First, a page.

- Garden / Landscaping / Patio — 234
- Kitchen / Bathrooms — 219
- Appliance / Repair — 177
- Interior Design / Decor — 165
- Real Estate / Finance — 156
- Cleaning / Maintenance — 119
- HVAC / Air Conditioning — 112
- Floors / Tile / Hardwood — 107
- Improvements / Remodeling — 106
- Doors / Garages — 104
- Plumbing / Basements — 99
- Construction / Materials — 97
An Overview of Basic Wood Floor Repairs
by Guest on Feb 4, 2010
A small issue with a wood floor doesn't necessarily mean that you have to replace or redo the entire floor.
Your existing wood floor is probably in good shape, with just a few imperfect spots. It may be simpler and cost effective to make small repairs than to refinish the entire floor. You don't always have to hire someone to make small repairs. Sometimes you can do it yourself and save money for bigger projects such as floor finishing, floor restoration or floor sanding.
Replacing a strip or single piece of flooring If a strip or piece of flooring is damaged beyond being sanded and filled, you should replace it.
First, look for nails in the board and drive them as far through the board as you can by using a hammer and nail set. After you've finished driving the nails, it's now time to remove the old board and install a new board:
- Utilizing a chisel, split the board. Doing so makes removal easier
- Pry out the old board
- Remove any leftover nails or drive them out of the way
- Cut a new board to the same size as the one you took out
- Test-fit the new board to be sure that it will fit in place. If it doesn't fit re-cut the board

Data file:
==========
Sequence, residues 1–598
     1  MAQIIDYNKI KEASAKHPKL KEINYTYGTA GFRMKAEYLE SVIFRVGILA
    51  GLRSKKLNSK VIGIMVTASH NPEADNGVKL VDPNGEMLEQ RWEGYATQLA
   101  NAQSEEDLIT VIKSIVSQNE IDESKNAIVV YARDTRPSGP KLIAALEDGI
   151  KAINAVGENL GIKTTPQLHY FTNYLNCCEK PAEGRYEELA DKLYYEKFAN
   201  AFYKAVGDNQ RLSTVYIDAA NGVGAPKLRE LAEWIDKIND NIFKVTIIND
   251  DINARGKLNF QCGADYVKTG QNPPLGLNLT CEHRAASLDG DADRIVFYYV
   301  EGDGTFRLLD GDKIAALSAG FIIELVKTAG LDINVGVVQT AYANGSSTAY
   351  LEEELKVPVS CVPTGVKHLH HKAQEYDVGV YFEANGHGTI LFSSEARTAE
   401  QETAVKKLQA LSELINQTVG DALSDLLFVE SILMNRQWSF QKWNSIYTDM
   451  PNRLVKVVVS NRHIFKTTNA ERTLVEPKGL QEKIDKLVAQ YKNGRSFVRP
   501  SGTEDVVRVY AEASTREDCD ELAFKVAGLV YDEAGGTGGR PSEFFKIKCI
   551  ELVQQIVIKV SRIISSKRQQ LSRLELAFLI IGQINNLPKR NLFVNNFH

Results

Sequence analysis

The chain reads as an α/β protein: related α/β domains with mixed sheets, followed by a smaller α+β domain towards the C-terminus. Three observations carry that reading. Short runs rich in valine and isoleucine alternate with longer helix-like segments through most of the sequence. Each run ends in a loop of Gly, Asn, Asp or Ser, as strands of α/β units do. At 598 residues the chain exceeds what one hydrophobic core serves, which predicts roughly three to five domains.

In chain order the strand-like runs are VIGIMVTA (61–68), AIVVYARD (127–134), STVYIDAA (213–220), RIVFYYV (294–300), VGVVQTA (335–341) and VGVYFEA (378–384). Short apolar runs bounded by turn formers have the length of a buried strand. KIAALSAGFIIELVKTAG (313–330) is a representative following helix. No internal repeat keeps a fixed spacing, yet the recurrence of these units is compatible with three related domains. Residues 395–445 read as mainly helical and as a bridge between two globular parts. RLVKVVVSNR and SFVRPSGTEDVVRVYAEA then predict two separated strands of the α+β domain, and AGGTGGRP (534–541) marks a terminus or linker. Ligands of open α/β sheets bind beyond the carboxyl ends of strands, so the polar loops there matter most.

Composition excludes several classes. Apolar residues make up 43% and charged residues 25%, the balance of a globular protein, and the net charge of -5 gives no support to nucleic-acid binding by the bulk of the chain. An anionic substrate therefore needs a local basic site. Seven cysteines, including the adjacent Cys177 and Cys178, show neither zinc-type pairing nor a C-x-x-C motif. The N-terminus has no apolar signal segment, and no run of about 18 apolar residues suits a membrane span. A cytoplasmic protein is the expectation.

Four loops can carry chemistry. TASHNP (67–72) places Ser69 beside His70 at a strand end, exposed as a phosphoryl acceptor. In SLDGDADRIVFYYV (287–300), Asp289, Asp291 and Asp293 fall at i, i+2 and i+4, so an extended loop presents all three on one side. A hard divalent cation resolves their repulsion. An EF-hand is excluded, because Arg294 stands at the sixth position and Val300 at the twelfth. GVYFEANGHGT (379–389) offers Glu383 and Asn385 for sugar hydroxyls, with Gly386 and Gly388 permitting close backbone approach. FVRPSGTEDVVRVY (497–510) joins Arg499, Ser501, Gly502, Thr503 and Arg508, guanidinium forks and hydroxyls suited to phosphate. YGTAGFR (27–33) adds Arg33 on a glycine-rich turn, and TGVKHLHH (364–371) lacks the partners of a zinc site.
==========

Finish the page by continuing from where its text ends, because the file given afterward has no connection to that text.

- Apply construction adhesive to the back of the new strip
- Install and tap the new board into place. Use something to protect the strip while tapping it 8 Nail the board and drive the heads slightly below the surface.
Note: It may not always be possible to match the finish of your floor. You can try using stains or sealers before you re-finish the entire floor to match.
Repairing a buckled board Sometimes, due to high humidity, a floor can buckle. You will need to fix this for two important reasons:
1. To prevent more damage to the floor in the future
2. More importantly to remove the danger of tripping
Although not easy the best way to remedy this situation is to access the floor from below and drive a screw into the buckled board (without going through the surface) through the sub-floor while applying weight to the board from above. This combination will get rid of the buckled spot and should hold.
Getting rid of nicks and scratches Usually, these can be covered up with color putty sticks. Simply clean the spot and rub the putty stick over the damaged area. Let the color dry and wipe it with a soft cloth. Most people won't be able to tell the damage was there!
If the problem is more of a gouge you are probably better off refinishing the wood floor surface. You will certainly like the results a lot better!
Most Recent Articles
- Oct 19, 2020 Top 5 Tips for Choosing the Right Vinyl Siding by Guest
- Sep 29, 2020 Vinyl vs. Laminate Flooring: Which Is Right for You? by Nick Marr
- Mar 27, 2020 Regular Vacuuming of Your Rugs by Guest
- Aug 1, 2019 Is Engineered Hardwood Cheaper than Real Hardwood? by Nick Marr
- Jul 2, 2019 Oak Or MDF Skirting for Style and Substance? by Jason Mills